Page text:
About the Project
Heart failure is a leading cause of morbidity and mortality worldwide. In terms of volume, the normal heart is composed mostly of terminally-differentiated contractile cells (cardiomyocytes), responsible for the pump action of the heart. These cells require an efficient blood supply provided by the coronary arteries feeding an extensive capillary network. Consequently, endothelial cells (lining all of the vessels) form the largest number of cells in the heart. Fibroblasts are generally accepted to be the cells in the normal heart that produce the extracellular matrix necessary for the heart to withstand the stresses associated with pump action of the heart. In pathophysiological situations (e.g. hypertension or myocardial infarction), cardiomyocytes hypertrophy (i.e. increase in size in the absence of cell division) to maintain or increase cardiac output. This is associated with an increase in oxygen demand requiring an increase in the capillary network, and angiogenesis (formation of new capillaries) is required. However, as the heart adapts, there is an increase in the amount of connective tissue produced by fibroblasts or fibroblast-like cells. This compromises contraction of the heart.
Although generally considered that the fibroblast-like cells derive from the pre-existing fibroblasts in the heart, other cells may contribute to this pool of cells including those from the blood vessels. Reducing this fibrosis will clearly help to improve cardiac function and, therefore, reduce the rate of progression to heart failure. In order to do this, it is first necessary to establish the origin of the cells and the mechanisms associated with their transformation into matrix-producing cells.
This project will explore the origins of the fibrosis that develops in the heart during hypertension-induced cardiac hypertrophy as it progresses to heart failure. The aims are to identify the cellular source(s) of the fibrosis, examine the intracellular signals that promote fibrosis and identify the cues from other cells in the heart (i.e. intercellular signals) that initiate and then propagate the fibrotic response.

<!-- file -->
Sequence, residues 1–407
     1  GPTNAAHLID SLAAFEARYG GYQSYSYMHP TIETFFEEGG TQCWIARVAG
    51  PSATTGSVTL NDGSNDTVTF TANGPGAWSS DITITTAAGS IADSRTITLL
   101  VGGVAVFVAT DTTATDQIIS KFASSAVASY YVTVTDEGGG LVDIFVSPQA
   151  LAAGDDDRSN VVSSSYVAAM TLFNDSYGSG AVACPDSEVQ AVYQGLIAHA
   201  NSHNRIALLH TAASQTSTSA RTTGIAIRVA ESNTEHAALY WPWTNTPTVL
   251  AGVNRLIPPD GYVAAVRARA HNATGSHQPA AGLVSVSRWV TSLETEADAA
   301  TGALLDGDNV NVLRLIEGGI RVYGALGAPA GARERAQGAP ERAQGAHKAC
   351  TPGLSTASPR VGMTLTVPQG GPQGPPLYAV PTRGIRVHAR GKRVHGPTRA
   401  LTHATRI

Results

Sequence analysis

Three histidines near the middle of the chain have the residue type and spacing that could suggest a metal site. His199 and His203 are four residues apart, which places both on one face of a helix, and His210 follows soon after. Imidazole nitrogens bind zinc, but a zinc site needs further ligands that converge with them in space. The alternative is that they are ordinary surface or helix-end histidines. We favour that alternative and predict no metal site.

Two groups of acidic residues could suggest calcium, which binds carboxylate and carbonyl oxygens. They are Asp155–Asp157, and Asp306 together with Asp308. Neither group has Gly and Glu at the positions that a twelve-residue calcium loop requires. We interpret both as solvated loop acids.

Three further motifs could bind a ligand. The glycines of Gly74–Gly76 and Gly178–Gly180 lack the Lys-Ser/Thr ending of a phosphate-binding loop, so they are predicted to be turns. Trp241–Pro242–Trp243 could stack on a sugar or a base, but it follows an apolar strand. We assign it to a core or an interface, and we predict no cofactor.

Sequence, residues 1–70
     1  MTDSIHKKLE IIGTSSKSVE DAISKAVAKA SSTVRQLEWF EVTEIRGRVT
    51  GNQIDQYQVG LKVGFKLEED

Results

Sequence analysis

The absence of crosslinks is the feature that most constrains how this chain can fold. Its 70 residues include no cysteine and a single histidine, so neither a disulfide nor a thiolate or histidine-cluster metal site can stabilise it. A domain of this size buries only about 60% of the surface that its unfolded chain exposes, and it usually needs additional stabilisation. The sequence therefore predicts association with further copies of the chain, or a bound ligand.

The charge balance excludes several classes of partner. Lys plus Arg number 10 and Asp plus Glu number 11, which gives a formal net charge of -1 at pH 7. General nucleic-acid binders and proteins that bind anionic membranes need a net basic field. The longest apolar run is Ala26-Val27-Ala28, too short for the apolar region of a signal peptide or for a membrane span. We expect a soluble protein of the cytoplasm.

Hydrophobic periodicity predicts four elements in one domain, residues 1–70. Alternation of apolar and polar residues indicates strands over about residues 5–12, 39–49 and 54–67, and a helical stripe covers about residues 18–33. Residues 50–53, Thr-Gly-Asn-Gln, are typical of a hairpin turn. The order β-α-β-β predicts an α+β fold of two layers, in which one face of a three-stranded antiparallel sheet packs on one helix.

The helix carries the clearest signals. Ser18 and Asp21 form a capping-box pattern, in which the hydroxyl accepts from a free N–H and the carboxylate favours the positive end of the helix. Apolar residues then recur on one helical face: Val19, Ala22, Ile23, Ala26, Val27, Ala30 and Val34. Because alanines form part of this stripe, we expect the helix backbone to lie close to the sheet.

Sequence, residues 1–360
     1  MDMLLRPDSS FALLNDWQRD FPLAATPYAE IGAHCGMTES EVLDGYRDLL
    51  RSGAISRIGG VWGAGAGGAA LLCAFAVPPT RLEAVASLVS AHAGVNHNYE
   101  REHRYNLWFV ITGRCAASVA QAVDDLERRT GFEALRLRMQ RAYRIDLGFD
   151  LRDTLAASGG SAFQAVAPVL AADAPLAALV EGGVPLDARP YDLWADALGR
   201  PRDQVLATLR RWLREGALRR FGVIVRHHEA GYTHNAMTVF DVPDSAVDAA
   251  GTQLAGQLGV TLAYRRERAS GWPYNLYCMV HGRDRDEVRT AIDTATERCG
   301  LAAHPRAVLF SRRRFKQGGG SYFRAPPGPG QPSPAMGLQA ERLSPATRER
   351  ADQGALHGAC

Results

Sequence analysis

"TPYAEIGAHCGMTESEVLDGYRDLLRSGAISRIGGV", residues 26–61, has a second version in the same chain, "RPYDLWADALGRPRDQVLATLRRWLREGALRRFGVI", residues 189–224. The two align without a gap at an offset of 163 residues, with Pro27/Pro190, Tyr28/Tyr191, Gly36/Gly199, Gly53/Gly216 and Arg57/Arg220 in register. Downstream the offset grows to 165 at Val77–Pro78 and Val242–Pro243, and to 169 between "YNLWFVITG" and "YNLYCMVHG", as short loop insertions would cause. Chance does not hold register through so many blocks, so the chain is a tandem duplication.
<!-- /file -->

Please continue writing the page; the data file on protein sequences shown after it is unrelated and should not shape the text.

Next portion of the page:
We will use in vivo mouse models, in addition to ex vivo (perfused hearts) and in vitro (cells in culture) systems. A range of biochemical, cell biology and molecular biology techniques will be used (e.g. quantitative PCR, western blotting, primary cell culture, immunofluorescence microscopy, protein kinase assays etc.).
Knowledge and training
Work experience in a molecular biology laboratory would be useful, but training in all techniques can be provided. Training will be provided specifically for heart research systems (primary cultures, ex vivo heart perfusions, in vivo assessment of heart function). An interest in intracellular signalling and understanding of cell biology/biochemistry is important. The position would suit an individual with a particular interest in biomedical research.
The data from this project will provide fundamental understanding of mechanisms associated with fibrosis in the heart, potentially allowing identification of therapeutic targets for treatment of heart failure and other diseases associated with fibrosis.
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